The Public Accounts Committee yesterday launched a blistering attack on A4e during a session on the introduction of the Work Programme. (See the Guardian) Why, the committee wanted to know, did a company with such an "abysmal" record get contracts. Andrew Dutton, A4e's CEO, had to respond to questioning about the company's UK turnover last year of £160m - £180m, all of it from government contracts, and the £11m it paid out in dividends, 87% of which went to Emma Harrison. The committee chair, Margaret Hodge (a hero of mine despite her politics) ensured that they "spent some time trying to establish where money paid to A4e to deliver government contracts ended up." She told Dutton, "You're one of the first examples we have had of a company which is entirely dependent on public contracts for your existence. We, in terms of looking for value for money, have an interest in following the pound. All your business is public contracts. You and Emma Harrison have to accept that there will be a different interest in the remuneration and profits made because the profits you make come from the taxes that ordinary, hard-working people pay." The example of abysmal performance cited was the Pathways to Work programme, with 9% of clients got into work.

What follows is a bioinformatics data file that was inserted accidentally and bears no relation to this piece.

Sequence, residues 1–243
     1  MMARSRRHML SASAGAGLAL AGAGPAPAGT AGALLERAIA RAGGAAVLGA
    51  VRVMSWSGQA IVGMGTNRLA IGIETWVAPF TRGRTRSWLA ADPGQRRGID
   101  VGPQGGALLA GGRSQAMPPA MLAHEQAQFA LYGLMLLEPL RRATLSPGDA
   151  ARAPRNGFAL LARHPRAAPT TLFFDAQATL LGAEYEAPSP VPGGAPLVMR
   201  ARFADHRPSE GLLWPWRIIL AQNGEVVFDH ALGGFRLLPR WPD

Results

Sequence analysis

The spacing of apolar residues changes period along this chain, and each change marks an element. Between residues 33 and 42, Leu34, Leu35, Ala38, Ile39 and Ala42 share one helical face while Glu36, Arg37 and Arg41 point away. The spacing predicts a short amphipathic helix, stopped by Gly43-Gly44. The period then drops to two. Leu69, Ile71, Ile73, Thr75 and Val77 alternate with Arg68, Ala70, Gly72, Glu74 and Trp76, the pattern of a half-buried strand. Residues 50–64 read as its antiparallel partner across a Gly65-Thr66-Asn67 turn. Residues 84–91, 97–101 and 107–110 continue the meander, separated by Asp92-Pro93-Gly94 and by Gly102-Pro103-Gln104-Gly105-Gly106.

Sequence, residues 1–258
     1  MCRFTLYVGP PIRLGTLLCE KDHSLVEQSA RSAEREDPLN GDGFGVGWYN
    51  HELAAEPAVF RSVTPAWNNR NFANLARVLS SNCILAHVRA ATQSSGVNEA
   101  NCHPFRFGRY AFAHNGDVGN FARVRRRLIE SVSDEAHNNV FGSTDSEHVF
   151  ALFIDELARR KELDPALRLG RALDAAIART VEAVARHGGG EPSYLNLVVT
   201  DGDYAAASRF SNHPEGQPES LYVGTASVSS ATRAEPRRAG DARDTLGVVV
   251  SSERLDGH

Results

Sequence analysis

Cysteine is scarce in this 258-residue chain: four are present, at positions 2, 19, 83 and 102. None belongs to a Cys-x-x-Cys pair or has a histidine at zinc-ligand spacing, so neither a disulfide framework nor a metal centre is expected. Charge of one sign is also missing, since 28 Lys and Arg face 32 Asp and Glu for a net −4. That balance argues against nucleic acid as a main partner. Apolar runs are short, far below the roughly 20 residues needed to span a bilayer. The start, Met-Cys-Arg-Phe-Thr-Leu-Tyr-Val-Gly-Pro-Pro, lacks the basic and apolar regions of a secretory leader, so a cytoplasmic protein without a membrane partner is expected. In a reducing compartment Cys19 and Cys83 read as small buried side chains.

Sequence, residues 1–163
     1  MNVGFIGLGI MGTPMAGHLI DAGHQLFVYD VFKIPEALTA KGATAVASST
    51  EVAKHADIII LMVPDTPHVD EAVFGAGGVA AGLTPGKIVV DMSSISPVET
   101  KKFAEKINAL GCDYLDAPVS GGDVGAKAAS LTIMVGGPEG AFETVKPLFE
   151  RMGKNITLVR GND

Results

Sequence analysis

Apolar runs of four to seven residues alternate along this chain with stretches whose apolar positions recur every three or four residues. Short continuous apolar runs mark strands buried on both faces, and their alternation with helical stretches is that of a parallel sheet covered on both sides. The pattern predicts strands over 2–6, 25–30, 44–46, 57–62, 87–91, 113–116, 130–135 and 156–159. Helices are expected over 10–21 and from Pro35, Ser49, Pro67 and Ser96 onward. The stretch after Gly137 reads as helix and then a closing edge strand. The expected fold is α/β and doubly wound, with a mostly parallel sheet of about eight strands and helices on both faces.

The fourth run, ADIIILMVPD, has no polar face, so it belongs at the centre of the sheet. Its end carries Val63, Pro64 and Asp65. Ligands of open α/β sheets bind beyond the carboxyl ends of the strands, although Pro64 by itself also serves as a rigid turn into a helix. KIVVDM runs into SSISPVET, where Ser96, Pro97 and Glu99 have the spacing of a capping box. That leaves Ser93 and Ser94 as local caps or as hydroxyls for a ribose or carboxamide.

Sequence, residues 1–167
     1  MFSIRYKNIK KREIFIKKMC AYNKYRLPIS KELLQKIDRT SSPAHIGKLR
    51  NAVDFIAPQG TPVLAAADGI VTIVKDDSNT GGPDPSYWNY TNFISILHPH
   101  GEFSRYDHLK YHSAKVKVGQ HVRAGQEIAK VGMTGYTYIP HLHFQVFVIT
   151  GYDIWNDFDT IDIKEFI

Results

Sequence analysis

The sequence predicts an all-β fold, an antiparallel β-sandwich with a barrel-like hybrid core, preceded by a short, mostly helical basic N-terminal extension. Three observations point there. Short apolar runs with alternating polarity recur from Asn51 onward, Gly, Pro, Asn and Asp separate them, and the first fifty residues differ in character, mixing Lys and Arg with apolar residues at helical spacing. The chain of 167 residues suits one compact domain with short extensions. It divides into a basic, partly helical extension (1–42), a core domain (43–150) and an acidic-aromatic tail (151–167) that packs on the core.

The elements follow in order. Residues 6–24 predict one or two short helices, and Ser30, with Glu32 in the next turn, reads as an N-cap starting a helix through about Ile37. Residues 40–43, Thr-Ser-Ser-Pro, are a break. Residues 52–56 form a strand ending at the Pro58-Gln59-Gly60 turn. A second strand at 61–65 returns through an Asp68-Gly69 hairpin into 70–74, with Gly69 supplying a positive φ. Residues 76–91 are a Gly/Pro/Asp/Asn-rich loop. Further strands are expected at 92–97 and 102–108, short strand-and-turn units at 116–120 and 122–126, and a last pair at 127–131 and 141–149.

Several members of the committee expressed amazement that companies with such a poor record could get new contracts. But the DWP's permanent secretary, Robert Devereux, confirmed what we have pointed out before - that they can't take past performance into account. Lots of them had poor records (!) And since some of the companies bidding were new entrants it wouldn't have been possible.
Fiona MacTaggart MP raised an interesting point about "job substitution" - "companies delivering the Work Programme, getting paid for pushing their clients into jobs that would otherwise have been filled by other jobseekers without the need for a third-party payment." "In my constituency," she said, "a lot of people are being given work experience, unpaid, in retail, and then the retailers, I think, are being directly encouraged to employ people who have been given this one-month or two-, three-month interview process … and when they're offering jobs, a company like A4e, which operates in Slough, can say to Primark, if you want more of our free workers, I hope you are going to give our people 20-hour-week jobs. I'm sure it's not quite as overt as that, but I believe there is a risk of that happening." All that Devereux could say to that was that a job was a good thing. Another civil servant had a more wordy response but didn't answer the question.